A sixth-generation jet fighter is a conceptualized class of fighter aircraft designed more advanced than the fifth-generation jet fighter that is currently in development.
Several countries have announced the development of a sixth-generation aircraft program, including the United States, China, the United Kingdom, Russia, Japan, Germany, and France.
The Next Generation Air Dominance (NGAD) is a United States Air Force (USAF) sixth-generation air superiority initiative with the goal of fielding a “family of systems” that is to succeed the Lockheed Martin F-22 Raptor.
A crewed fighter aircraft is the centerpiece program of NGAD and has been referred to as the Penetrating Counter-Air (PCA) and is to be supported by uncrewed collaborative combat aircraft (CCA), or loyal wingman platforms, through manned-unmanned teaming (MUM-T).
The Next-Generation Air Dominance platform will control drones from the cockpit called Combat Collaborative Aircraft to test enemy air defenses, conduct forward surveillance, and even fire weapons when directed by a human.
Air Force innovators have long been preparing the F-22 to handle drone control. However, it is reasonable to assume that the 6th-gen aircraft will boast a new generation of computing and command systems, allowing it to effectively manage multiple drones simultaneously. Consequently, the Next-Generation Air Dominance platform is poised to outperform the F-22 in areas such as drone control, manned-unmanned teaming, and autonomous operations.
Beyond leading or flying in a collective formation, the NGAD aircraft may achieve revolutionary levels of stealth and speed. How could it possibly surpass the F-22 in stealthiness? If the airborne NGAD resembles the available industry 6th-gen renderings, it may adopt a blended wing body without any vertical tails. Such a design could potentially be more stealthy than an F-22, as it lacks protruding structures, contours, or sharp edges that might trigger a clear return signal on enemy radar. With a horizontal, blended wing-body fuselage akin to a bomber, it could fly with a reduced radar signature compared to an F-22.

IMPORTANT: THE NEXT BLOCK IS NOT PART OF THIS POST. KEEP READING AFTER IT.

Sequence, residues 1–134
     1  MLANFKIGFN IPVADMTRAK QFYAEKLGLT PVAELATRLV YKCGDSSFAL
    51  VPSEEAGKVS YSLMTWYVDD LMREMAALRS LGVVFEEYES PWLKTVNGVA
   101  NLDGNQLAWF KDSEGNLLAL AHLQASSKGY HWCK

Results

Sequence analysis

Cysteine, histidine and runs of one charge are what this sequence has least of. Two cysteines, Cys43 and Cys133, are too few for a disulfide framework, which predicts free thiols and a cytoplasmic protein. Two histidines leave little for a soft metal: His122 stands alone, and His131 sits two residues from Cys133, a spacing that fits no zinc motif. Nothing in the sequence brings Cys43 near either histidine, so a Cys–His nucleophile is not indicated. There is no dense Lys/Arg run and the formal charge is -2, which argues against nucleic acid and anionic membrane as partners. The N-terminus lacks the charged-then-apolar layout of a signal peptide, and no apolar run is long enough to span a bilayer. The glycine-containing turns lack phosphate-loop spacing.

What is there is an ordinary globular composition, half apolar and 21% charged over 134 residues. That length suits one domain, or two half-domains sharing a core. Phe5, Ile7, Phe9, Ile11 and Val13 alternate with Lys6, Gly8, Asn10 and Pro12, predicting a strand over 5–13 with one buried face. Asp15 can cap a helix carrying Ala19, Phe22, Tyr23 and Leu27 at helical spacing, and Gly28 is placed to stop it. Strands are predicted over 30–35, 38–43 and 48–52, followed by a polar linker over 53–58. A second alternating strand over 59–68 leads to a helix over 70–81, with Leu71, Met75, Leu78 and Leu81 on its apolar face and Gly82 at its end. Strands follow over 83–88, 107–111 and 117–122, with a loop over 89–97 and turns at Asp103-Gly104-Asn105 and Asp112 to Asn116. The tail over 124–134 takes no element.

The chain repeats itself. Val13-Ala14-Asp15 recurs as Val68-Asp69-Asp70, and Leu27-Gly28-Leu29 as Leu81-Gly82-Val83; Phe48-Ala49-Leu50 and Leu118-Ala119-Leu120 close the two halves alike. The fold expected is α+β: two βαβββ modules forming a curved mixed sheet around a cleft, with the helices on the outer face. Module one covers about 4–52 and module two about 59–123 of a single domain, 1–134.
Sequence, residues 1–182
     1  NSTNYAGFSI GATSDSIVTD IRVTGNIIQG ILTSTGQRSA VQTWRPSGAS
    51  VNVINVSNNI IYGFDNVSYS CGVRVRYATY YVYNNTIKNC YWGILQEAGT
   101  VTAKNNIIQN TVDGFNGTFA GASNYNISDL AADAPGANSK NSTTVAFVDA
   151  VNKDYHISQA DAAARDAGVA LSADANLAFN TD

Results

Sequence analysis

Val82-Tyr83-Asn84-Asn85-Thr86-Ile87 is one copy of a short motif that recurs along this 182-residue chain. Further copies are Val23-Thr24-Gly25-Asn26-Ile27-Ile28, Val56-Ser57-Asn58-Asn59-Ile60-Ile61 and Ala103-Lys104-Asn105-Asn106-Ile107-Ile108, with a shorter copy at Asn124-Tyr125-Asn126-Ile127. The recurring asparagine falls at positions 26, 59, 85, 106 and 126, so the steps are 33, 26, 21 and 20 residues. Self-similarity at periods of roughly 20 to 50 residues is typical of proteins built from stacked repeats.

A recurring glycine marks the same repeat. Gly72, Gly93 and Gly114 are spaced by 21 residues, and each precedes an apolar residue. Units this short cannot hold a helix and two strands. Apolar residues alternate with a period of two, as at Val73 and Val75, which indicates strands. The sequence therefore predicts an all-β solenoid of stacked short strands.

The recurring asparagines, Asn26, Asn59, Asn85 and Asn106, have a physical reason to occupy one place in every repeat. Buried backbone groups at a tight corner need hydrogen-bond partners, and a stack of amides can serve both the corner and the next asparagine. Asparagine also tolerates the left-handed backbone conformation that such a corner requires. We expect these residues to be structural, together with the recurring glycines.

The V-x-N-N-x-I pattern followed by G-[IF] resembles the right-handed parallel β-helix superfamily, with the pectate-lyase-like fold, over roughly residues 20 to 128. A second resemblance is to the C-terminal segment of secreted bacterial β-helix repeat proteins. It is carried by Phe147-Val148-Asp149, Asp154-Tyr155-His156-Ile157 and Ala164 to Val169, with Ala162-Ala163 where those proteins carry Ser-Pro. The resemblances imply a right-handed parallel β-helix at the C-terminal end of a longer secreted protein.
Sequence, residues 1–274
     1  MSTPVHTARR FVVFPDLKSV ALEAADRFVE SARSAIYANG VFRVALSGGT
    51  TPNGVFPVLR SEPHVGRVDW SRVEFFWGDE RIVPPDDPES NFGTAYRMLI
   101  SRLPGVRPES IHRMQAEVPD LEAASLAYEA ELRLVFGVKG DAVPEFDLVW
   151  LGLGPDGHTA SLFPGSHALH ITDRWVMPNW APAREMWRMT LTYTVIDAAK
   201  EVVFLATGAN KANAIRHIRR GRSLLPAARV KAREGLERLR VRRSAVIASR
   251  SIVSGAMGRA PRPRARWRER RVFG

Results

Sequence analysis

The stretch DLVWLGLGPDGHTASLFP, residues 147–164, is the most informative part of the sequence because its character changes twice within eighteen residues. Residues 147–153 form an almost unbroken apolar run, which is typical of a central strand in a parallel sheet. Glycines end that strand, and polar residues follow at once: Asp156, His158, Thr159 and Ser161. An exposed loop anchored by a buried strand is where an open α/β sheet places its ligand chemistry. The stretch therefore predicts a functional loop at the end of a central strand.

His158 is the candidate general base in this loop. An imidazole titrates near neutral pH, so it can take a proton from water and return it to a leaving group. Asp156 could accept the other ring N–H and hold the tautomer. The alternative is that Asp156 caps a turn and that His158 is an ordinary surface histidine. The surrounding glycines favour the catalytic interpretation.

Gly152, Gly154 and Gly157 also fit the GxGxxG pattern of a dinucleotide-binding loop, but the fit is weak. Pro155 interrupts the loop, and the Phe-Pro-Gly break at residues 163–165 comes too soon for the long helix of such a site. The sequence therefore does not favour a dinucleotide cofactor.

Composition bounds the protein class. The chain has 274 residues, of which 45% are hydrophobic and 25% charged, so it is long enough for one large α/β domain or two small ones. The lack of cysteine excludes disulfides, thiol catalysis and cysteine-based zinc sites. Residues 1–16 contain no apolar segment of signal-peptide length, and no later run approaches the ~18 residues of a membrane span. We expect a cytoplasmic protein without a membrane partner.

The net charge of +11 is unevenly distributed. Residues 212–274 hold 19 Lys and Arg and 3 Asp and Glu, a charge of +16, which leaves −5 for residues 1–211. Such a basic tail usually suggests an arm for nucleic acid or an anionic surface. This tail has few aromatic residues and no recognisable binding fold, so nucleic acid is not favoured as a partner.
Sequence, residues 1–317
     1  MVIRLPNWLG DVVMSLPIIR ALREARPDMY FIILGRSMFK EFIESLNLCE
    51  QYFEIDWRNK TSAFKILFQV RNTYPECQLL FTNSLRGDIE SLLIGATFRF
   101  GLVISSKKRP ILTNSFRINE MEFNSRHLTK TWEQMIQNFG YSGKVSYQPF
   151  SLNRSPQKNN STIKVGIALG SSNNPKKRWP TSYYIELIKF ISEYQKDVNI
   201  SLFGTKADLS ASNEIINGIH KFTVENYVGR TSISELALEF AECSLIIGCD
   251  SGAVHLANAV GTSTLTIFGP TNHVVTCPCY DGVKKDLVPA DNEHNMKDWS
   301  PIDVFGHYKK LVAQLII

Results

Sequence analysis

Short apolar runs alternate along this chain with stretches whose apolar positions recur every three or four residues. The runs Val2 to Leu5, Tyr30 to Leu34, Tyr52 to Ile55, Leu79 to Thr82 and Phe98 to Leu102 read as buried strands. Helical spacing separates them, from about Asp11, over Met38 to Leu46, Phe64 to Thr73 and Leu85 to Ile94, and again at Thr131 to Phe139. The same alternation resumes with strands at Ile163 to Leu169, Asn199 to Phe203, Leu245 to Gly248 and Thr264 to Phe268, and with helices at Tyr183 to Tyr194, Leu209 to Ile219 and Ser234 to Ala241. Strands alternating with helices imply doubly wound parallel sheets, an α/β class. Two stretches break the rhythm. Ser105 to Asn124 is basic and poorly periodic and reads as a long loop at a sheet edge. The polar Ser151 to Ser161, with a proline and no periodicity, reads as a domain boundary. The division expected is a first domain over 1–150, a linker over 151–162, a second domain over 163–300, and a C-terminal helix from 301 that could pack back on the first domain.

As for coatings and radar-absorbent materials, there is limited information available about the NGAD. However, it’s plausible to assume that new composites and blended materials might be incorporated into a lighter and faster 6th-generation aircraft. This potential development could significantly impact the thrust-to-weight ratio, as the F-22 currently holds the highest thrust-to-weight ratio among fighter jets worldwide. If a 6th-generation platform integrated propulsion, vectoring, and engine power similar to or exceeding that of the F-22 into a much lighter fuselage, it could theoretically engineer a stealth fighter with a thrust-to-weight ratio far superior to that of an F-22.
In terms of speed, the F-22 is hailed as one of the fastest and most dominant air platforms globally, capable of reaching speeds of Mach 2.35 and maintaining “supercruise,” enabling extended Mach speeds without the need for afterburners. While primarily perceived as an air-to-air fighter, the F-22 also excels in ground-attack close-air support. It leverages advanced sensors and networking to act as an “aerial quarterback,” as affirmed by Air Force pilots and weapons developers. Although it may not possess the same sensing and computing capabilities as an F-35, the aircraft is increasingly adept at exchanging two-way information with both F-35s and various 4th-generation aircraft.
Concerning computing capabilities, it is anticipated that the NGAD will be engineered with a new generation of AI-enabled computing, data analysis, and high-speed processing. While an F-22 can certainly receive ongoing computer upgrades to enhance its unmanned or autonomous capabilities, a brand-new platform offers the opportunity to reimagine functionality, sensing, and AI-driven flight. For instance, the Air Force is currently experimenting with an AI-capable robotic co-pilot called ArtUu, capable of real-time connection and sharing of targeting data with a human pilot. This approach aims to optimize both high-speed, AI-enabled computing and the unique cognitive faculties and capacities of humans in a blended combination. A freshly designed 6th-generation aircraft is likely to achieve this with a smaller hardware footprint.
One of the most enigmatic yet potentially impactful distinctions between the F-22 and the 6th-Gen aircraft lies in the realm of weaponry. While the F-22 has significantly augmented its weapons capacity through software upgrades like 3.2b, there has been a concerted effort across the fleet to vastly enhance the performance attributes of the AIM-9X and AIM-120D. These F-22-launched weapons have undergone improvements in range, survivability, lethality, and precision targeting through software and open architecture computing upgrades. However, being designed as an entirely new platform, a 6th-generation NGAD aircraft is likely to possess the capacity to handle weapons that are not yet in existence. The technical infrastructure of the NGAD will likely be backward compatible, allowing it to deploy existing weapons while simultaneously accommodating entirely new ones as they emerge.
Lasers are expected to play a significant role as well, as the NGAD will likely be engineered with an enhanced capability to utilize mobile sources of electrical power. A 6th-generation aircraft, however, might be constructed with vastly improved abilities to operate with large quantities of electrical power in much smaller form factors. This would enable a fighter jet to fly and operate with high-power, high-density, scalable laser weapons at an unprecedented level far surpassing the capabilities of current 5th-generation aircraft.